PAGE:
When we don’t judge people for their age, what they wear, how they talk, what their background is, their politics, etc., and just accept people as we encounter them, they are open to our love and our message of God’s love.  Imagine that church in St. Charles holding a first weekend BBQ for anyone who wanted a free hotdog and an invite to a worship service.  Or,  a helpful church team assisting parents and students moving into the dorms along with a care package with a card welcoming them.  A contact number to call if they need help.   And each month having an outreach event to just say, “we are here and we love you.”

You see, when we accept the challenge of loving our neighbors and showing them mercy, God opens the doors to all the best deeds.  And even if just one person responds, that’s one more person on God’s side of the ledger.  We should all be praying regularly for opportunities like this to be placed in front of us.  When you become God’s co-worker (1 Cor. 3:9) you lose count of all the blessings that unfold.   As for my daughter, the Christ-centered group Athletes In Action met regularly on campus and another student invited her to come.  It saved her in so many ways.  She eventually become a leader and a speaker who told her testimony to many other student-athletes.  She also met her future husband through the organization.  As a parent living almost 2,000 miles away, I still remain ever thankful there were Christians who took up James’ challenge.

If you know a Christian athlete who is in college, encourage them to look up Athletes In Action

Will you take up James’ challenge this weekend?  Pray for your eyes to be opened to opportunities to show your faith by your deeds, love and mercy. Click on the photo and listen to this song by Danny Gokey and Mandisa called “Tell Somebody.” It’s a great song about opening up that gift!

30daysofpraise, christian encouragement, Uncategorized

Praise At The Ready


Day 12

You never know when you will have the opportunity to share your faith.  God will place people in your lives that He wants you to share your love for Him.  We must always be ready.  And although you are not responsible for the path they eventually take, God calls us to take even the smallest part in that path. When my youngest was in college she became best friends with a beautiful, smart, funny young lady from Belgium.  They were field hockey teammates, roommates, and now lifelong friends.  We sent my daughter’s car out to her their sophomore year.  It gave them so much freedom to explore the St. Louis area and beyond.  

As my daughter grew closer to Christ through the Christian athlete organization Athletes In Action, she also began discipling other athletes.  But her best friend didn’t seem interested.  However, one of the many things they did have in common was their love of music.  I saw many a video of them driving along singing at the top of their lungs to a popular song while they cruised the streets of St. Charles, Missouri.  Their favorite was “Africa” by Toto which had experienced a renewal at that time. And while they played upbeat, fun, pop and country songs my daughter also played songs about her faith.  Beautiful Christian songs.  Songs that spoke of her love for Jesus.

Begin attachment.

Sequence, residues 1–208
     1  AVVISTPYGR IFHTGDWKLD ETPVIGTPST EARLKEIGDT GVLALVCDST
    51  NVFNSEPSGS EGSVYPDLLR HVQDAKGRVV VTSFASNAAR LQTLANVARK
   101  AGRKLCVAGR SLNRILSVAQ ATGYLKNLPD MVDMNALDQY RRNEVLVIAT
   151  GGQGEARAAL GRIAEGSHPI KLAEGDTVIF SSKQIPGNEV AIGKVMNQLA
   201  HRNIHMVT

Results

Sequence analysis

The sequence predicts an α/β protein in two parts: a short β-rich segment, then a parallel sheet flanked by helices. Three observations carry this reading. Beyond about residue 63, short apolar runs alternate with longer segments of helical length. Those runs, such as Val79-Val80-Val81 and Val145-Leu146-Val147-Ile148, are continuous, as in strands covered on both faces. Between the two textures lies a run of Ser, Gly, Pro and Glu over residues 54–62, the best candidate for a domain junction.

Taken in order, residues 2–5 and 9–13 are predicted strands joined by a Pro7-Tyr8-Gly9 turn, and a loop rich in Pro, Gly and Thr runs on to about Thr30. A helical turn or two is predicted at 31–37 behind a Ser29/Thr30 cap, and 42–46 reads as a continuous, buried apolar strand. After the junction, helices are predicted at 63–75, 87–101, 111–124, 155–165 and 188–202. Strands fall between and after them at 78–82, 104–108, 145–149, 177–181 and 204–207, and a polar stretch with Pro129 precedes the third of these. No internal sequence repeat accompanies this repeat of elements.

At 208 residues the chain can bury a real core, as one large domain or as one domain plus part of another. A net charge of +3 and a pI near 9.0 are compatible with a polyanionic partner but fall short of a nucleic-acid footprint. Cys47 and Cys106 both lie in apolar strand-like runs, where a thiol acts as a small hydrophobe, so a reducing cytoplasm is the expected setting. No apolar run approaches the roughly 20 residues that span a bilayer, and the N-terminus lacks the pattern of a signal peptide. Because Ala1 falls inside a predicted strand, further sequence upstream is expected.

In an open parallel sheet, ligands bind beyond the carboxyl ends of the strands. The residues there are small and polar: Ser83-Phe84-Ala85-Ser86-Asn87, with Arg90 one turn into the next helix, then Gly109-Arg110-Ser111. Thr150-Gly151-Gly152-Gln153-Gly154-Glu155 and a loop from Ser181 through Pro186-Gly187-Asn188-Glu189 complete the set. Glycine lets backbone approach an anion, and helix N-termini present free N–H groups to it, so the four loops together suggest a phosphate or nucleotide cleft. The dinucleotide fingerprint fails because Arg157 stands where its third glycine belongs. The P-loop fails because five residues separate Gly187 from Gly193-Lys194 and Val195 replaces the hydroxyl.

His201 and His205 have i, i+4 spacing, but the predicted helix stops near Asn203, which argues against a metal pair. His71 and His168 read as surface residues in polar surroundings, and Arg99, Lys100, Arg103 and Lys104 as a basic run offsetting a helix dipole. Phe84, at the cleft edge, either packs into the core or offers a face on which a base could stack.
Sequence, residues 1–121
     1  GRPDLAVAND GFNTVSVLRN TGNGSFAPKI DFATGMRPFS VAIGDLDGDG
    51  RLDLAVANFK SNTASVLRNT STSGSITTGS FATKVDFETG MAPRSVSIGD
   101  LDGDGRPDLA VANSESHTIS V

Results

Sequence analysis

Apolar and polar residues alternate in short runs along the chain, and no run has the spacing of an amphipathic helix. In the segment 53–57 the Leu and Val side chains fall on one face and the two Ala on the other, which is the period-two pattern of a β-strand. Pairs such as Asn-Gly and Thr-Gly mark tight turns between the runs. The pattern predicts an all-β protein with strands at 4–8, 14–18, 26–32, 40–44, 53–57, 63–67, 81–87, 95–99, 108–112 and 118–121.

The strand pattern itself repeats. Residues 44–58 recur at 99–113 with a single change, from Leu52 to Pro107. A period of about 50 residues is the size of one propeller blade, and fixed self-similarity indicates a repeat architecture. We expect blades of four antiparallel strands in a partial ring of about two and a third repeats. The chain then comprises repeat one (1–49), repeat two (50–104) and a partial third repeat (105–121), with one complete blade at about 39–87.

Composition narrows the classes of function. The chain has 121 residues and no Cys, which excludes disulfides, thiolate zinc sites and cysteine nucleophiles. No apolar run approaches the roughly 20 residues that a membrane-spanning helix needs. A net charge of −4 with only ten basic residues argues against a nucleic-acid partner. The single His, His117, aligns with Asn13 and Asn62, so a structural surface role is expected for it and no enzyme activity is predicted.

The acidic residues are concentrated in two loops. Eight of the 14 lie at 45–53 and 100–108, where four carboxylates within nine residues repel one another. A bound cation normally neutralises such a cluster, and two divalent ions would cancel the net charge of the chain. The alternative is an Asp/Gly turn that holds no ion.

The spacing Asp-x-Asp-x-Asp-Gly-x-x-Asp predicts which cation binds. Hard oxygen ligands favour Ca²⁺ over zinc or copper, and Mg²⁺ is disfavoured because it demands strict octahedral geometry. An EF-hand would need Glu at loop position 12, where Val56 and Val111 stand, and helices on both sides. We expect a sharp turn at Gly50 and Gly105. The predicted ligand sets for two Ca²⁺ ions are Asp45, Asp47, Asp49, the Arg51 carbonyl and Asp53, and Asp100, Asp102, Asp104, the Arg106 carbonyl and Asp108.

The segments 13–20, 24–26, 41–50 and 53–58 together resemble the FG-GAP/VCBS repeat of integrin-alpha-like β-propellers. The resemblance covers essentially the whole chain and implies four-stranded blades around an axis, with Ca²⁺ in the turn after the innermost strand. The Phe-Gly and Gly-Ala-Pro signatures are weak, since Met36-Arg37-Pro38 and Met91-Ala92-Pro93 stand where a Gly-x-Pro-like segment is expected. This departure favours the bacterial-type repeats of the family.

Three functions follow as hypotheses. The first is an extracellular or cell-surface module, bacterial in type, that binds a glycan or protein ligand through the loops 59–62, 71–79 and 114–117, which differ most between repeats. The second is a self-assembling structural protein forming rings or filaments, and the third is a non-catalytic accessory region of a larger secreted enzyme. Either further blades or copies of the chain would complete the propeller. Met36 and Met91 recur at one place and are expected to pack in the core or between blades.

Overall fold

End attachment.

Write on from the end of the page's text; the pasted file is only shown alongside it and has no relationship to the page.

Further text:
One day her friend hopped in the car and said to her, “Play some of those good, sad songs.”  My daughter was confused.  Her Belgium friend, while fluent in English, had a funny way of using the English language with her French/Dutch accent.  She said, “You know, those Jesus songs.”  And my daughter was ready to serve in God’s name.

My daughter Madie (L) and her friend Rou (R) taking “Sandy”, her car, out for another favorite activity — milkshakes

I suppose many Christian songs may sound “sad” to some but so many of the lyrics speak to our deepest needs.  We express our longing and our hope through these “sad Christian songs.”  Most of my favorite songs fall into this category.  Music gives us a beautiful channel to lift up our voices to our Father to say, “I love you” or “I need you.”  We might also say we are hurting or we have been healed.  I have plenty of shout out loud “praise the Lord” songs in my “Inspirational” playlist.  But I frequently play the ones that tug at my heart.  

I have a friend that doesn’t want to go back to her church right now because they have decided not to play music and sing songs.  She has said, “I can listen to a sermon anywhere.  I miss the voices being lifted up to God.  I miss the worship.”  

Sometimes we need a good “sad” Christian song.  That beautiful expression of our love for God can bring so much love and peace to live in us.  I’d like to share with you one of those songs.  “You” by Fellowship Creative, shows the need for God our Father, God our Counselor.  It praises God for His ability to mend all brokenness.  I hope you enjoy listening to it.

What’s your favorite “sad Christian song” and who can you share it with today?  Let’s praise God with our beautiful (and not so beautiful ) voices.